Apple’s Fundamental Great Value May Soon Get a Gigantic PR Boost
Apple (AAPL) has become one of the least expensive stocks in the entire market based on a fundamental value. Subtracting out its $128 per-share cash value ($121.3 billion/939 million shares outstanding), its trailing P/E is a ridiculously-low 7.9. Even if you do not adjust for cash, the trailing P/E is 10.88 and forward P/E is 9.43 according to Yahoo Finance.
The company pays a 2.2% forward dividend rate and the pay-out ratio is only 12% so there is an excellent chance that this will increase in the future or some other cash-distribution method such as the preferred stock proposal advanced by hedge fund manager David Einhorn is instituted.
The only way that such a low valuation could be justified would be if the growth rate slowed dramatically. Surely, it will fall significantly from the nearly 50% growth numbers that it has sported for the last five years, but the culture of this company is to continually come up with new products which will appeal to its growing base of satisfied customers, and it has barely scratched the potential in China (where Tim Cook said would be their largest market). This year Apple will probably seal a deal with China Telecom (CHA), the largest mobile carrier by far in the world.
Here are the YOY growth rates over the past five years:
aapl graph YOY quarterly growth
Admittedly, the current growth rate is the absolute lowest that it has been for the past five years, but look what happened in November 2009 when it was at a similarly low level. The growth rate really took place from that point. Will history repeat itself? According to Zacks Investment Research, analysts expect the Apple’s growth rate in 2014 tooo be 15.30%.
When a company’s future growth rate is less than its cash-adjusted P/E, it should be considered to be a fundamental bargain. That is precisely where AAPL is right now.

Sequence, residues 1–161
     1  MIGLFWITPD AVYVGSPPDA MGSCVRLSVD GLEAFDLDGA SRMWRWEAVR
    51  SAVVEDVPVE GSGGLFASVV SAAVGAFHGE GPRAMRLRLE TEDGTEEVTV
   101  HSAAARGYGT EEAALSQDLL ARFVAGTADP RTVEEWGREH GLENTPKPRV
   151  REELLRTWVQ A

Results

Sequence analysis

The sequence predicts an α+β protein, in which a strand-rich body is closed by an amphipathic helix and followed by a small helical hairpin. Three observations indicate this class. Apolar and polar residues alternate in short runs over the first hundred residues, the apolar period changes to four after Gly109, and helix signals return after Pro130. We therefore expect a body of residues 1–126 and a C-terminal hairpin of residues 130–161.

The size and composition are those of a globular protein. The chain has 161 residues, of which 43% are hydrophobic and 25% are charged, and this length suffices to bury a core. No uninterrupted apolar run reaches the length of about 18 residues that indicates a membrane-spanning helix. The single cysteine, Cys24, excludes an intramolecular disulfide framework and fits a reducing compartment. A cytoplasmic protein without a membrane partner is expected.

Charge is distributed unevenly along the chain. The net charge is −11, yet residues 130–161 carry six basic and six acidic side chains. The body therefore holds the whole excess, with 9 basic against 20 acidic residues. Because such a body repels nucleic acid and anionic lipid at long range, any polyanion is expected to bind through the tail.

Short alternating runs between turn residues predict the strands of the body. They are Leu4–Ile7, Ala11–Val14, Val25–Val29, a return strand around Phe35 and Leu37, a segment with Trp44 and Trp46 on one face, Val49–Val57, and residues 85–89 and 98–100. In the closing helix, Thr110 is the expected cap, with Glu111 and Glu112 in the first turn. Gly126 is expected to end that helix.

There is also a potential technical indicator justification for buying the stock at this time:
AAPL 50 Day Moving Average
One of the smartest investing decisions you could have made over the past year was to buy AAPL when it rose above the 50-day moving average and sell it when it fell below that moving average. This strategy would have picked up the big upward move from late June to October and also picked up the huge drop since that time.
If you check out the slope of the most recent stock price move as well as the 50-day average, you can see that they are on a collision course to cross over one another in the next two weeks. This might be the perfect time to get in ahead of this important technical indicator before it actually kicks in. Even if you don’t believe in technical analysis, there are so many people out there who do believe in it that it becomes a self-fulfilling prophecy once it is triggered.
In addition to both fundamental and possible technical reasons the AAPL is undervalued at its current price, there is the possibility that a public relations coup of epic proportions might be on its way on this very day.
On December 6, 2012, Apple (AAPL) CEO Tim Cook announced that his company would shift manufacturing of one computer line from Asia to the United States. “Next year we are going to bring some production to the U.S. on the Mac,” Cook told Bloomberg Businessweek. “We’ve been working on this for a long time, and we were getting closer to it. It will happen in 2013. We’re really proud of it. We could have quickly maybe done just assembly, but it’s broader because we wanted to do something more substantial.”